Miracles happen, and William "Smokey" Robinson is one in so many ways.
Robinson, a Living Legend with a lifetime Grammy Award to prove it, will let you ask him any question, request any song. Just show up at the Vilar Performing Arts Center tonight. You do have to buy a ticket, though.
"This show is up close and personal," Robinson said in a telephone interview. "It's not like a regular concert where everything is formatted for two or three hours."
There is no format. There is only fun.
"What the audience dictates is what we do," Robinson said.
Smokey Robinson is timeless, and still performs because he loves it and because he's great at it.
"I still do concerts. It's my favorite part of the work. We'll have them singing along, dancing, having a great time," Robinson said.
Go ahead and try to stump him and his band with a song request.
Between 1967 and 1988 with Motown, Robinson turned out 37 Top 40 hits with The Miracles and as a solo artist including "You've Really Got A Hold On Me," "Ooo Baby Baby," "The Tracks Of My Tears," "Going To A Go-Go," "More Love," "Tears Of A Clown" (co-written with Stevie Wonder), and "I Second That Emotion."
His catalog includes 4,000 songs. He's been at this since he was 15 years old and he's far from done, he said.
"I still write songs all the time and I'll be going into the studio soon to record a new album," he said.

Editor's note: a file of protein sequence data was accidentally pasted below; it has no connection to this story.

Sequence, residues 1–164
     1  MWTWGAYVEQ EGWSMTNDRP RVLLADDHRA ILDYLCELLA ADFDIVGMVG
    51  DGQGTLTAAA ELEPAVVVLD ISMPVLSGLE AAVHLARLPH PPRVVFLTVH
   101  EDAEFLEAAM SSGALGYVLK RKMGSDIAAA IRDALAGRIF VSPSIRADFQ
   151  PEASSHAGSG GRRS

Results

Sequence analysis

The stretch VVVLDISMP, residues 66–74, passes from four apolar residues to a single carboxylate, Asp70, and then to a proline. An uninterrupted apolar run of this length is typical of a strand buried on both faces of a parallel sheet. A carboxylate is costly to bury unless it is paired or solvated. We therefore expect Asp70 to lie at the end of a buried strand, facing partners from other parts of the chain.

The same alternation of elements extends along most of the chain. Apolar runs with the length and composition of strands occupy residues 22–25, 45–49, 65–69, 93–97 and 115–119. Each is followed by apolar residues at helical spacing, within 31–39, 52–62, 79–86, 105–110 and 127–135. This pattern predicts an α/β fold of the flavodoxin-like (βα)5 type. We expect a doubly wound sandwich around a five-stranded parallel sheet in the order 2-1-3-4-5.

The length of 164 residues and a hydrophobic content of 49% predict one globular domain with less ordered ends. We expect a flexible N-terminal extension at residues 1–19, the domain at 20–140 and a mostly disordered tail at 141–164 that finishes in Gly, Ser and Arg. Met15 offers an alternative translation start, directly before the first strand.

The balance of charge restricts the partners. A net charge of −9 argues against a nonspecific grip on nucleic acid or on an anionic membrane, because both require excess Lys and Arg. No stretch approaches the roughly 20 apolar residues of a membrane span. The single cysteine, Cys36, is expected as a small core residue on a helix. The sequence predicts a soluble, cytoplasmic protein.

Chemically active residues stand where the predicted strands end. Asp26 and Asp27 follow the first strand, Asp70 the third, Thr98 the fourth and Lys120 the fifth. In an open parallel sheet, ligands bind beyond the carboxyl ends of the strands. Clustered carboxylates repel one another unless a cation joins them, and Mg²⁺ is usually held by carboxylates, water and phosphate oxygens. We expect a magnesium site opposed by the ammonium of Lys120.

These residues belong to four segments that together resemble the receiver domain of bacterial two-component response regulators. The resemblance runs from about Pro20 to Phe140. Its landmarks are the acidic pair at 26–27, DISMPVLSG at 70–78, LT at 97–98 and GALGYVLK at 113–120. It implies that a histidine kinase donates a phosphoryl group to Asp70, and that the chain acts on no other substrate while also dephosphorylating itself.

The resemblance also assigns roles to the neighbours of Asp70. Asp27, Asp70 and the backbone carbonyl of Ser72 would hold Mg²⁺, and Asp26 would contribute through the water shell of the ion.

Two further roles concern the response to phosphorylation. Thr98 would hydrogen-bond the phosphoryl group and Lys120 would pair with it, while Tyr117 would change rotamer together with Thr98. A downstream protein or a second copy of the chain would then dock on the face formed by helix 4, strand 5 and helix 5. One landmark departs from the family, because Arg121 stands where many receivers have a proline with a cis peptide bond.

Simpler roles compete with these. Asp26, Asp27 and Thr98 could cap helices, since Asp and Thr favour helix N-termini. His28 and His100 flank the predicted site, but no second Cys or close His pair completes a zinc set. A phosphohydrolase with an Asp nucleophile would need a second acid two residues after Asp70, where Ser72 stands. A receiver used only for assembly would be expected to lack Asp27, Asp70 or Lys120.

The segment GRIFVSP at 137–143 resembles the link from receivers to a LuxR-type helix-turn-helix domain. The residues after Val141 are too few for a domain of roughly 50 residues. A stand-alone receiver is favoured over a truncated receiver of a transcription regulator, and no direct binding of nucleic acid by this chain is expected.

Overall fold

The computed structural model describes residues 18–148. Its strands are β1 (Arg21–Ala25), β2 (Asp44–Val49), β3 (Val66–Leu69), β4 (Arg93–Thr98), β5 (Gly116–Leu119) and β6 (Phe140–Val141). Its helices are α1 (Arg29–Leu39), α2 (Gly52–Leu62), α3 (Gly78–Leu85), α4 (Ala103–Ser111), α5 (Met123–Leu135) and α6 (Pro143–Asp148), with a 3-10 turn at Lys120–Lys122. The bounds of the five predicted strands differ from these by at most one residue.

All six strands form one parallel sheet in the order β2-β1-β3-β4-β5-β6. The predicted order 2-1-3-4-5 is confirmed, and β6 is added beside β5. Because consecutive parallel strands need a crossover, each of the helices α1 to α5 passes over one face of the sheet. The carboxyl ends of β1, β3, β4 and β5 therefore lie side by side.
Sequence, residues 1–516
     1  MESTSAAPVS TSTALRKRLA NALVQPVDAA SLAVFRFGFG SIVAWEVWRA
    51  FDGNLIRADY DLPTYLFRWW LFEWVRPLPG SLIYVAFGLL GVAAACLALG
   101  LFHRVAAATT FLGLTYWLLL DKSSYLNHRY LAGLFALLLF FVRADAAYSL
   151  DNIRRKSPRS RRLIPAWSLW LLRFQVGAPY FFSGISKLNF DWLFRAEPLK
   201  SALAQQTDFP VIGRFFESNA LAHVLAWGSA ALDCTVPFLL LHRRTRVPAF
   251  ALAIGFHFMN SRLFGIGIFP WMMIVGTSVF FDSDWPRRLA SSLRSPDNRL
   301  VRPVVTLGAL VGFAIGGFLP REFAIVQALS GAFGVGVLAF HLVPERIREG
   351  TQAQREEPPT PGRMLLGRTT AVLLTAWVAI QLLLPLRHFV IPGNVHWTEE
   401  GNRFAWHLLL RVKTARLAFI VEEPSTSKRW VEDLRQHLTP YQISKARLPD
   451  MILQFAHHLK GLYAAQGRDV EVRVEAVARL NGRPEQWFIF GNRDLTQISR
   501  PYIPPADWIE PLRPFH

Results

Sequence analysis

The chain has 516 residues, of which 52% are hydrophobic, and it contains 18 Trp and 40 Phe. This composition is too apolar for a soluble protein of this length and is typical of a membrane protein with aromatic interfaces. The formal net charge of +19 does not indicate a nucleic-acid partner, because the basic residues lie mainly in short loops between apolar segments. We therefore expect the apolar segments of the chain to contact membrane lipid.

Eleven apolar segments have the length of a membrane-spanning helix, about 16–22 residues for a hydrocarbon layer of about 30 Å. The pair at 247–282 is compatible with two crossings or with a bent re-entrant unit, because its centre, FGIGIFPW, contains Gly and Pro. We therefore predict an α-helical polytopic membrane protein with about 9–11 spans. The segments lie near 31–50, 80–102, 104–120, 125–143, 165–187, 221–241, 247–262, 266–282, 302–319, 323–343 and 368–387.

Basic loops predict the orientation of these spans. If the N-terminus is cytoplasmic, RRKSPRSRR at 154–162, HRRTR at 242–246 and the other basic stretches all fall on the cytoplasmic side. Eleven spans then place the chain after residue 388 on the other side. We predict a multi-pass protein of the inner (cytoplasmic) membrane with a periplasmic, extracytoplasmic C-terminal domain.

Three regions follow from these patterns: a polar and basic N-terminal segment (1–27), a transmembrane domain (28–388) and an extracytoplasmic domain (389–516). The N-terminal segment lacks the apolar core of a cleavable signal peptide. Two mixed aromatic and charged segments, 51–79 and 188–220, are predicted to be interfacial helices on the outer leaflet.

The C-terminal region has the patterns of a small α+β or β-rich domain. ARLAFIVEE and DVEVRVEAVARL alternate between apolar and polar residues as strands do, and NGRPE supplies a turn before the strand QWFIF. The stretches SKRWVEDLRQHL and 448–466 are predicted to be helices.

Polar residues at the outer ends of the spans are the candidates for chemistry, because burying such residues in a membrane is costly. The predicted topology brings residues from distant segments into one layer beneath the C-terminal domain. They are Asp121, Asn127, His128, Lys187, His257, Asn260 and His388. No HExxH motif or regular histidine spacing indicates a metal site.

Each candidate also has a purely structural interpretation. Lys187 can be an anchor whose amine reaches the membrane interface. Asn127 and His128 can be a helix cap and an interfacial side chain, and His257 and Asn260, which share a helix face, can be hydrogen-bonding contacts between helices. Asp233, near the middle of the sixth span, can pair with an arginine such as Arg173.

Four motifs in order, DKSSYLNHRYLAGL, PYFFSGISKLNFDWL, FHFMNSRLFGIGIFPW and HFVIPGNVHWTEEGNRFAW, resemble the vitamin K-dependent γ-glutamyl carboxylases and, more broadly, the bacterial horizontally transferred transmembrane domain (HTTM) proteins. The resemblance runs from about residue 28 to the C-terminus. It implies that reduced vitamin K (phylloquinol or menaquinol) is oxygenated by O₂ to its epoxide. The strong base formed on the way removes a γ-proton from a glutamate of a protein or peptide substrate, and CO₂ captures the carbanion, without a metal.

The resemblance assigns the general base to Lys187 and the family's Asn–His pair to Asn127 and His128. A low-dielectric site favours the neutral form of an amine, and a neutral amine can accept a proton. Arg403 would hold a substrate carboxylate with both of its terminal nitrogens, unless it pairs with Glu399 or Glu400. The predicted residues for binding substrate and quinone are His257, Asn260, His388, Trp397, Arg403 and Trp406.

William Robinson was born and raised in Detroit, Mich., where he was Diana Ross' next-door neighbor. He founded The Chimes when he was 15. Three of those Chimes - Pete Moore, Ron White and Robinson - later became Matadors, and eventually The Miracles.
You should know that The Miracles was Berry Gordy's first Motown Records vocal group, and now you do. Their single of Robinson's "Shop Around" became Motown's first No. 1 hit.
Eventually, Robinson became vice president of Motown Records, serving as in-house producer, talent scout and songwriter. He penned hits for several other Motown legends including The Supremes, The Temptations, The Marvelletes, Mary Wells, and Marvin Gaye.
He hit the road as a solo artist after Motown was sold, and retired in 1972. Retirement didn't suit him.
"I was climbing the walls," Robinson said.
So he put his silky smooth high tenor voice back in front of a band and went back to work about a year later.
He's bringing five of those musicians and him to tonight's Vilar show.
Staff Writer Randy Wyrick can be reached at 970-748-2935 or firstname.lastname@example.org.